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Welcome to head-fi! As we say around here ... sorry about your wallet.

If you haven't read this tutorial please take some time to do so. The stickies have good information for all of us.

Also telling us what you currently have, what you're trying to achieve (hard to do especially at first) and your budget the community can offer suggestions for ways in which to improve your system.

This is a fun hobby. Our audio systems are works in progress. This means they are not a race to finish, but an ongoing event to be savored. If you haven't take some time to read. Start with the Stickies. The Headphones, Dedicated Source Componets and Computer Audio forums would be great places for you to search out your answers.
 
Sep 13, 2009 at 3:28 PM Post #6 of 12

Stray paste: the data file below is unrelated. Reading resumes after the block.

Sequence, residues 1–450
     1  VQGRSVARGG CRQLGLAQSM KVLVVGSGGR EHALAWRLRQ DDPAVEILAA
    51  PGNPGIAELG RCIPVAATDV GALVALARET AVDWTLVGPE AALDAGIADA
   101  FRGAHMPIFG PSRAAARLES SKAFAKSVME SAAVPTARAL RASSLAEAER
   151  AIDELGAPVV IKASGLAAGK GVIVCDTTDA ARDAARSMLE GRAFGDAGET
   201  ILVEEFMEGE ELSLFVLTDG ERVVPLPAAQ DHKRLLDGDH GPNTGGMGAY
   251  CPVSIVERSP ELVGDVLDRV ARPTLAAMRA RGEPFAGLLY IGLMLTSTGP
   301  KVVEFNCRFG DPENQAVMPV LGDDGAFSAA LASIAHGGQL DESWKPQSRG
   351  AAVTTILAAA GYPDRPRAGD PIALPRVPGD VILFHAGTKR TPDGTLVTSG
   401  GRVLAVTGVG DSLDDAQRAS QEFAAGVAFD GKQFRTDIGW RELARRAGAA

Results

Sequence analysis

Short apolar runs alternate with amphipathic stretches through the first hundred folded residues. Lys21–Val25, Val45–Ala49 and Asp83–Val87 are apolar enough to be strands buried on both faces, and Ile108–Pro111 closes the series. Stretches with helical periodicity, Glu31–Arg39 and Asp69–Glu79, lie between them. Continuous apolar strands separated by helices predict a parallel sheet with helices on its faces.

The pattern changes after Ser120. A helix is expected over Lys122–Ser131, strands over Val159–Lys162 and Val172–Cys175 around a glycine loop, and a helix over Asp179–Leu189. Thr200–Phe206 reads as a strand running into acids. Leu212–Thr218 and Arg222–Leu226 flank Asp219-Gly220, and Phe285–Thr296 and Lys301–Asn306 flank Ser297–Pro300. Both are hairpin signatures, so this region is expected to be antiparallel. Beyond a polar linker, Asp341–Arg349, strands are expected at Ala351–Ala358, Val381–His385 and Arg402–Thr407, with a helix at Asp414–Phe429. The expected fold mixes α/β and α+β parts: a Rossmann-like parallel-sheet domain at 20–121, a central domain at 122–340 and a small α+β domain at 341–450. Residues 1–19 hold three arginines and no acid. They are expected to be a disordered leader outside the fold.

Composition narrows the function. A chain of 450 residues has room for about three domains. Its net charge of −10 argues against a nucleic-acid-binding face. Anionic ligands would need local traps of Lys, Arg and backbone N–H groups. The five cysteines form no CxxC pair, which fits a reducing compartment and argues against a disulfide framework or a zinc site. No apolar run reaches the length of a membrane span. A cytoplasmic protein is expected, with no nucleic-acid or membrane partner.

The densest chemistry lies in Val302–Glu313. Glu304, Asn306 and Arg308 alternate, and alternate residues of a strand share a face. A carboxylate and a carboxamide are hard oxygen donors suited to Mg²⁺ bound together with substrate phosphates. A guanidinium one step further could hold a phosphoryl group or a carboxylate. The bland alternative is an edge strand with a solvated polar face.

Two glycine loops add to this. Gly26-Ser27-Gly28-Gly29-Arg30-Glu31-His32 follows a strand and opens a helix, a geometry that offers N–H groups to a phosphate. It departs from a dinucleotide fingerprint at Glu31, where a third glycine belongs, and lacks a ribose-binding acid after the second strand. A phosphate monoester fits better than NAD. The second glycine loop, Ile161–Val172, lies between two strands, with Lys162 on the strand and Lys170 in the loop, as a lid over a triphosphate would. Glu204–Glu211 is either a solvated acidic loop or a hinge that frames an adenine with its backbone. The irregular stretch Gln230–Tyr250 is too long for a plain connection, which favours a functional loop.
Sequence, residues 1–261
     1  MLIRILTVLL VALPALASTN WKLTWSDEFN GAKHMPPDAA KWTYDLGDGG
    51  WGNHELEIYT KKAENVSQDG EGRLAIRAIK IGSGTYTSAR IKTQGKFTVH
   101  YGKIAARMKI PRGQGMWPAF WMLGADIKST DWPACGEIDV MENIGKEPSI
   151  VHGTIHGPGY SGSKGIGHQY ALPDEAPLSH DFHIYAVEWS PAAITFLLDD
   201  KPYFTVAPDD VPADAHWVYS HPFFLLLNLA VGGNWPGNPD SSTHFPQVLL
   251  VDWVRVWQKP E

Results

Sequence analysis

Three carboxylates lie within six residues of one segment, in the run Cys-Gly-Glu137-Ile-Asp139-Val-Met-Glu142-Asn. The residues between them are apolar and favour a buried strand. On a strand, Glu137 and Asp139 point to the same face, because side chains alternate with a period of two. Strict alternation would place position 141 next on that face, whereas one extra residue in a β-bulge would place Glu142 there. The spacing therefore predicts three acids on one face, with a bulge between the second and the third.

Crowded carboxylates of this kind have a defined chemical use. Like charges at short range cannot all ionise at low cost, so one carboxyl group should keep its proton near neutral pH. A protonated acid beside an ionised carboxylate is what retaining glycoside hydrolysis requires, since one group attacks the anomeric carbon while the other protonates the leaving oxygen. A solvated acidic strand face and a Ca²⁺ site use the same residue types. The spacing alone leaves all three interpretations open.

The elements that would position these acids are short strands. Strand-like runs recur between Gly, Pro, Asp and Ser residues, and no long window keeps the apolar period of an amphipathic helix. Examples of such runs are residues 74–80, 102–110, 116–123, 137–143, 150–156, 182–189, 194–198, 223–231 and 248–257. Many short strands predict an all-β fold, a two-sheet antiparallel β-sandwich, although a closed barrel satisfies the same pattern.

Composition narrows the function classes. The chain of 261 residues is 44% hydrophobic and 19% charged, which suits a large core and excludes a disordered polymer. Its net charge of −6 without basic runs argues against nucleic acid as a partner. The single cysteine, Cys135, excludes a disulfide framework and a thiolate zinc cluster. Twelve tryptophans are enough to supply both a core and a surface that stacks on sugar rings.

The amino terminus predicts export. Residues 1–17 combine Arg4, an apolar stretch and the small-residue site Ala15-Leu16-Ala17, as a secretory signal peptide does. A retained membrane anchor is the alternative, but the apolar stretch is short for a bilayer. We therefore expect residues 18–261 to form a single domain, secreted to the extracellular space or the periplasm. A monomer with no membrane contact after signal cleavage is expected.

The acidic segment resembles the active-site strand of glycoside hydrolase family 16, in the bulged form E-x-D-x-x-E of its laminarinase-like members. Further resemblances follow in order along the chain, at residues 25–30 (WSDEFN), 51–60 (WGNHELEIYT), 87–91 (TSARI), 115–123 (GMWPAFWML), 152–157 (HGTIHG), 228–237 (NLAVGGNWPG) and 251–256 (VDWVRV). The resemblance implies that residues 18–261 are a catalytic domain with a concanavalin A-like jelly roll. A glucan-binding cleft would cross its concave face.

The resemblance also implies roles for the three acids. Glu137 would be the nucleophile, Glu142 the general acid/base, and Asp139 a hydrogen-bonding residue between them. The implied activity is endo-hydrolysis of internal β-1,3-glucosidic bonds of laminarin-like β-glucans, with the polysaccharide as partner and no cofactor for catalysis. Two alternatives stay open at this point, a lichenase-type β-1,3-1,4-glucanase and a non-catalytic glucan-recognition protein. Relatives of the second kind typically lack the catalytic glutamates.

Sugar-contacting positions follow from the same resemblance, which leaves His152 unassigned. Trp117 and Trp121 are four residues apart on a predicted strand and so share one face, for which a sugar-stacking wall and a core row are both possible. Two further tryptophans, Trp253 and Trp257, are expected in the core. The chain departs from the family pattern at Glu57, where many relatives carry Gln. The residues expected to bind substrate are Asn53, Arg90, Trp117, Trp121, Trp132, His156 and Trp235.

ssckp86

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Thank you DeusEx, johnwmclean, wink, and Aimless1 for your quick replies! I was thinking about doing research 1st but I have absolutely no idea on this subject of audio quality. It is a bit harder when you know nothing and therefore don't even know what to search
confused_face(1).gif
I'll read the tutorial Aimless linked and the stickies and look up DACs. I see the point about transfer through mediums. I have Sennheiser HD280 Pro headphones and it makes a world of difference from $10 earbuds. Also the lossless files, esp. on the 280s, sound much better than mp3s. (I do know how to listen to music, since I've been playing piano for a long time and was briefly studying music at university).

I'm thinking the cheapest way to get the best quality is cd player->headphones....? I guess that was a primary question that wasn't worded properly. Or maybe it is just an invalid question...?
 
Sep 14, 2009 at 12:14 AM Post #7 of 12

joe_cool